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Publications (2)8.13 Total impact

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    ABSTRACT: Ginseng-based medicines and nitrates are commonly used in treating ischemic heart disease (IHD) angina pectoris in China. Hundreds of randomized controlled trials (RCTs) reported in Chinese language claimed that ginseng-based medicines can relieve the symptoms of IHD. This study provides the first PRISMA-compliant systematic review with sensitivity and subgroup analyses to evaluate the RCTs comparing the efficacies of ginseng-based medicines and nitrates in treating ischemic heart disease, particularly angina pectoris. Past RCTs published up to 2010 on ginseng versus nitrates in treating IHD for 14 or more days were retrieved from major English and Chinese databases, including PubMed, Science Direct, Cochrane Library, WangFang Data, and Chinese National Knowledge Infrastructure. The qualities of included RCTs were assessed with Jadad scale, a refined Jadad scale called M scale, CONSORT 2010 checklist, and Cochrane risk of bias tool. Meta-analysis was performed on the primary outcomes including the improvement of symptoms and electrocardiography (ECG). Subgroup analysis, sensitivity analysis, and meta-regression were performed to evaluate the effects of study characteristics of RCTs, including quality, follow-up periods, and efficacy definitions on the overall effect size of ginseng. Eighteen RCTs with 1549 participants were included. Overall odds ratios for comparing ginseng-based medicines with nitrates were 3.00 (95% CI: 2.27-3.96) in symptom improvement (n=18) and 1.61 (95% CI: 1.20-2.15) in ECG improvement (n=10). Subgroup analysis, sensitivity analysis, and meta-regression found no significant difference in overall effects among all study characteristics, indicating that the overall effects were stable. The meta-analysis of 18 eligible RCTs demonstrates moderate evidence that ginseng is more effective than nitrates for treating angina pectoris. However, further RCTs for higher quality, longer follow-up periods, lager sample size, multi-center/country, and are still required to verify the efficacy.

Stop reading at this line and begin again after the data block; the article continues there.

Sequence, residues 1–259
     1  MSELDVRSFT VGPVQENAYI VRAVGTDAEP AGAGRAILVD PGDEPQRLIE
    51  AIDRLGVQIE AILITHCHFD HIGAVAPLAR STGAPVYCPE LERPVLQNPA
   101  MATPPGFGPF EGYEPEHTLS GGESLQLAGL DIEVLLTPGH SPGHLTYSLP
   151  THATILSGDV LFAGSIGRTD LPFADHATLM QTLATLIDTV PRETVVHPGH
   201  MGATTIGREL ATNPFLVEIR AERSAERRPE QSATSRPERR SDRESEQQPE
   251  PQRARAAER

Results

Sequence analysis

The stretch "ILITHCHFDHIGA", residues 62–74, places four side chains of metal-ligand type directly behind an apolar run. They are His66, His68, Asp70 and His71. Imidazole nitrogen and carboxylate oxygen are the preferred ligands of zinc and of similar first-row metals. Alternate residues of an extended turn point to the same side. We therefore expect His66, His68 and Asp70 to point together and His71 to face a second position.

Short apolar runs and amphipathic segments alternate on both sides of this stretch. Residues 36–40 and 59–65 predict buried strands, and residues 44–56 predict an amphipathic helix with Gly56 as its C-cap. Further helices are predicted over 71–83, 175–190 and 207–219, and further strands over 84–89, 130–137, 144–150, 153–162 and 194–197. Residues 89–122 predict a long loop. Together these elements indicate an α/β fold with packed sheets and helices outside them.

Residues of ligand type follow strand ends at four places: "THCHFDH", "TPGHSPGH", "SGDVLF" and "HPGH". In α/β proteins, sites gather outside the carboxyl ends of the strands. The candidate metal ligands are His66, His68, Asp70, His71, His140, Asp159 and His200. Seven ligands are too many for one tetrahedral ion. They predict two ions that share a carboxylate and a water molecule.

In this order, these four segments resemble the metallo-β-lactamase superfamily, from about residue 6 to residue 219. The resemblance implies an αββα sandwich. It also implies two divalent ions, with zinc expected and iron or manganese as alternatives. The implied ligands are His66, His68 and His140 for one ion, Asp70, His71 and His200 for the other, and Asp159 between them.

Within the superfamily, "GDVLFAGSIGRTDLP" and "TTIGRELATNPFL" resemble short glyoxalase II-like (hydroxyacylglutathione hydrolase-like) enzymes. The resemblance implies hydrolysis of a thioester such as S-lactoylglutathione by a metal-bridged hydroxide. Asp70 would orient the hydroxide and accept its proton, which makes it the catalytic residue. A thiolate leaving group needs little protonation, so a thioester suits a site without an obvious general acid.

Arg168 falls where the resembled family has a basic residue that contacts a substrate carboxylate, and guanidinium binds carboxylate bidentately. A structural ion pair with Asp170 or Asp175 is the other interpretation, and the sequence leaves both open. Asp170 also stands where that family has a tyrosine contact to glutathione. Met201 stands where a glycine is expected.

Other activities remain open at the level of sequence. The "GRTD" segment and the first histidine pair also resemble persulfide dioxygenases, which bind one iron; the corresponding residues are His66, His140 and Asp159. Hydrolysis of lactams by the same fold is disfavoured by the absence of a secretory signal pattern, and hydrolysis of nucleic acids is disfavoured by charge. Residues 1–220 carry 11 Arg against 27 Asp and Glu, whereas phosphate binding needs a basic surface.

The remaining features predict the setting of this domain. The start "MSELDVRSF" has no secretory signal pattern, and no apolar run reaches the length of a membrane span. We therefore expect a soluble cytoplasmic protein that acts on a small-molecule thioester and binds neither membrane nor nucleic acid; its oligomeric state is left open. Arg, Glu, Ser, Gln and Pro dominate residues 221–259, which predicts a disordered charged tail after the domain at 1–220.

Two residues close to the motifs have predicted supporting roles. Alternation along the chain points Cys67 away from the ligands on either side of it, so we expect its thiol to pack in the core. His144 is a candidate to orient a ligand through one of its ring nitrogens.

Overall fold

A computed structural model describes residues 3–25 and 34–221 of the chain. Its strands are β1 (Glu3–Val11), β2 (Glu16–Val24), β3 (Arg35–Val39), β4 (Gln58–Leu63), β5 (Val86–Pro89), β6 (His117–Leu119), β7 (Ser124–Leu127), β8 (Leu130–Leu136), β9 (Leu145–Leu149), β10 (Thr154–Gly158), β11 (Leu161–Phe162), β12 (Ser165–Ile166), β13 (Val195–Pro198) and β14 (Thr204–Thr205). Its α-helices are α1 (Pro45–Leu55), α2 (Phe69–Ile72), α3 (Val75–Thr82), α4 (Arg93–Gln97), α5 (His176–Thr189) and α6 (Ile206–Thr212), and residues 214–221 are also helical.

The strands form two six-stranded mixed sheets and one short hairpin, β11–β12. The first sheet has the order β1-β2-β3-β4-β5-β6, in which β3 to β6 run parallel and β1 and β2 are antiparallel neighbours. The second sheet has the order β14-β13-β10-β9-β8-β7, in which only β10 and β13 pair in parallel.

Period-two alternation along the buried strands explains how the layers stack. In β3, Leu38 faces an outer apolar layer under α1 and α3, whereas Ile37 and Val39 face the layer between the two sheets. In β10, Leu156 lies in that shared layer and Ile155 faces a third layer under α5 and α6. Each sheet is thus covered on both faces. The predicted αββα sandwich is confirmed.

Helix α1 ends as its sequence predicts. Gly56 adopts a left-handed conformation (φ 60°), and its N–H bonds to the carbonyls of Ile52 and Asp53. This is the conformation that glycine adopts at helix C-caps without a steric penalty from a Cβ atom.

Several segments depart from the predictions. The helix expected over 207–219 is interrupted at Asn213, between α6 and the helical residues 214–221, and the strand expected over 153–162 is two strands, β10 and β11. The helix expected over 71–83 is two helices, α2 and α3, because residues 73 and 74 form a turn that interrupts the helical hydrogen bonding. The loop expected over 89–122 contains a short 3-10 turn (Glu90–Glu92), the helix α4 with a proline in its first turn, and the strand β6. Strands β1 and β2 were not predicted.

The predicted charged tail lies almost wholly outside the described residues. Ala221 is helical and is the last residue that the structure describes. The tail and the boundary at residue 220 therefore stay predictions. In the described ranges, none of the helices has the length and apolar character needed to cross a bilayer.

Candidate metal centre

Complementary therapies in medicine 06/2012; 20(3):155-66. · 1.95 Impact Factor
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    ABSTRACT: Danshen dripping pill (DSP) is a popular Chinese medicinal product and often compared with isosorbide dinitrate (ISDN) in treating coronary heart disease angina pectoris. Over 100 randomized controlled trials (RCT) have been published in Chinese language but have not been evaluated according to the PRISMA systematic review standard. This study aims to provide a comprehensive and PRISMA-compliant systematic review with sensitivity and subgroup analyses. RCTs published between 1994 and 2009 on DSP versus ISDN in treating angina pectoris for 4 or more weeks were retrieved from major databases, including PubMed, Chinese National Knowledge Infrastructure, and WanFang Data. Meta-analysis was performed on the overall effects on symptomatic and electrocardiography (ECG) improvements. Sensitivity analysis was conducted on the study quality of RCTs based on a refined Jadad scale and different efficacy definitions. Sixty RCTs with 6931 participants were included. Summary odds ratios for comparing DSP and ISDN were 2.49 (95% CI 2.03-3.05) by symptoms (n=60) and 2.14 (95% CI 1.82-2.52) by ECG (n=53) according to the basic efficacy definitions and were 1.67 (95% CI 1.45-1.91) by symptoms (n=56) and 1.75 (95% CI 1.51-2.04) by ECG (n=45) according to the stringent efficacy criteria. The 60 eligible RCTs indicate that DSP is apparently more effective than ISDN in treating angina pectoris. However, further RCTs of larger scale, multi-centre/country, longer follow-up periods, and higher quality are still required to verify the efficacy of DSP over all anti-anginal therapies.
    International journal of cardiology 01/2011; 157(3):330-40. · 6.18 Impact Factor